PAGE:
On 14 February, I received the response that information about fees paid to individual contractors had become commercially confidential. I then tabled another question, asking at what point and for what reason that information had suddenly become so sensitive. The Minister's response arrived on my desk on 22 February. It said: "Information about specific fees paid on individual commissions has always been commercially confidential."--[ Official Report , 22 February 1995; Vol. 255, c. 191. ]

That was somewhat surprising, given the answer that had been given just seven months earlier by the Minister's Department to my hon. Friend the Member for Holborn and St. Pancras (Mr. Dobson). That answer provided very detailed information about specific fees paid on individual commissions. It informed him, for example, that Linklaters and Paines had been paid £5.6 million for privatisation advice, that KPMG Peat Marwick had been paid £3.3 million for privatisation accountancy and taxation advice, and that Coopers and Lybrand had been paid £2.3 million for advice on privatisation access charges.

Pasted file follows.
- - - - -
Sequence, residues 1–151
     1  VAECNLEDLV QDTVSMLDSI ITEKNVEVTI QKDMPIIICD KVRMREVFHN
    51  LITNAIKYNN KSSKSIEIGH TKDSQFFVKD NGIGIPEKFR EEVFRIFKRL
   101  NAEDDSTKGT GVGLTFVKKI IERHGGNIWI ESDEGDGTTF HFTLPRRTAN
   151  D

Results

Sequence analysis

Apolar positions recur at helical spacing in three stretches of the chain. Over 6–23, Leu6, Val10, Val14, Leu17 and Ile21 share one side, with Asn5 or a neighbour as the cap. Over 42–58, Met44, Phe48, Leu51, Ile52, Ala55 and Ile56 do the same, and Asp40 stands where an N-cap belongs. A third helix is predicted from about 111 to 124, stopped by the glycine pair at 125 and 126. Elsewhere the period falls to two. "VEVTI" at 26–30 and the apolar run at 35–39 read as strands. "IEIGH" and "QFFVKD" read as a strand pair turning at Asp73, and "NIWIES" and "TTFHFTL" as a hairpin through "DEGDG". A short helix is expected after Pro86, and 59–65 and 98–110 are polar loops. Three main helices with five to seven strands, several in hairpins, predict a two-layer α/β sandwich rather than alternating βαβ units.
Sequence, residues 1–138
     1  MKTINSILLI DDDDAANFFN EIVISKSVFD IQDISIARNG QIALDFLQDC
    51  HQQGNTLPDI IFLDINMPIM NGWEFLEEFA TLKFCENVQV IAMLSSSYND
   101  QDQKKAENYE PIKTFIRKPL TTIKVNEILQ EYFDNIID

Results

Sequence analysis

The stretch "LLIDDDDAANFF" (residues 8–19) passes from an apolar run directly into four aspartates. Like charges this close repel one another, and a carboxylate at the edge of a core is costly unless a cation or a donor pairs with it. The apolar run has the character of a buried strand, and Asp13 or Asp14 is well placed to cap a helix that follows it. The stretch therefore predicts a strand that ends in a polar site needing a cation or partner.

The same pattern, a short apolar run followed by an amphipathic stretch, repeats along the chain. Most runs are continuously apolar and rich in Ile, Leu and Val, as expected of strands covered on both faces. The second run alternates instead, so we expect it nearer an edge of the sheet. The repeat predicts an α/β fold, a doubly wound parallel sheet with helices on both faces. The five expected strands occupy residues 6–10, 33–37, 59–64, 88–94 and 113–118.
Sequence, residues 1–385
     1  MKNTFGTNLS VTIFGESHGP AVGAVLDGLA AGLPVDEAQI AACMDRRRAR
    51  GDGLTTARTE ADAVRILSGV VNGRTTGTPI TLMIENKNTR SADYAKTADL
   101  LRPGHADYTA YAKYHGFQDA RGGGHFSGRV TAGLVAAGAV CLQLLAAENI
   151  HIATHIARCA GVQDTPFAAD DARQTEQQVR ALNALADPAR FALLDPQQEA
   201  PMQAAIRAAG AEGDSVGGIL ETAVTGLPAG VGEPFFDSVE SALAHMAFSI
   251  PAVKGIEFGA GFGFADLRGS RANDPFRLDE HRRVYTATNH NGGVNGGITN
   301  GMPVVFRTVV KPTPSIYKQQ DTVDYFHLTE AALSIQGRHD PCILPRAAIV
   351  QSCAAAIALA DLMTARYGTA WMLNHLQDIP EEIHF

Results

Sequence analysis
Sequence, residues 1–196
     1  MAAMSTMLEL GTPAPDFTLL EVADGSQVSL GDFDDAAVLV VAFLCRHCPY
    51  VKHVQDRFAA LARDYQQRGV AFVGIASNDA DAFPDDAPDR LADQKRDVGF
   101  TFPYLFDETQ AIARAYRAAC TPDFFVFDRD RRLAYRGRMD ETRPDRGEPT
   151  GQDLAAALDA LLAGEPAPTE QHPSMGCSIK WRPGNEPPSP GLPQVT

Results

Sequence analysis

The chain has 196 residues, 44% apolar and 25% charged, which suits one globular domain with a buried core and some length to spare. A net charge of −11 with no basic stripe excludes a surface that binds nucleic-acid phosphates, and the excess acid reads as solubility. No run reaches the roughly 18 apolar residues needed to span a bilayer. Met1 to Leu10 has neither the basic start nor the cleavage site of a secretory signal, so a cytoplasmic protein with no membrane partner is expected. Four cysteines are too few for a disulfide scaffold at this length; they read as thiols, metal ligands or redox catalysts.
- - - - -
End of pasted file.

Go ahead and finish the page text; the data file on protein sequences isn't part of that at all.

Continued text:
I do not know which is more worrying, that Ministers have attempted to cover up the extent to which individual firms are profiting from the soaring costs of rail privatisation, or that we have Ministers so incompetent that, when they attempt to hide things from this House, they do not even bother to check the answers given by their predecessors less than seven months before.

Serious issues arise over the attempt by the Department of Transport to withhold information from this House. The Government have spent more than £20 million on asking consultants for advice about their flawed privatisation proposals. That £20 million has come from the pockets and pay packets of the taxpayers of this country. The people of this country have the right--I believe, the absolute right--to know precisely where their money is going.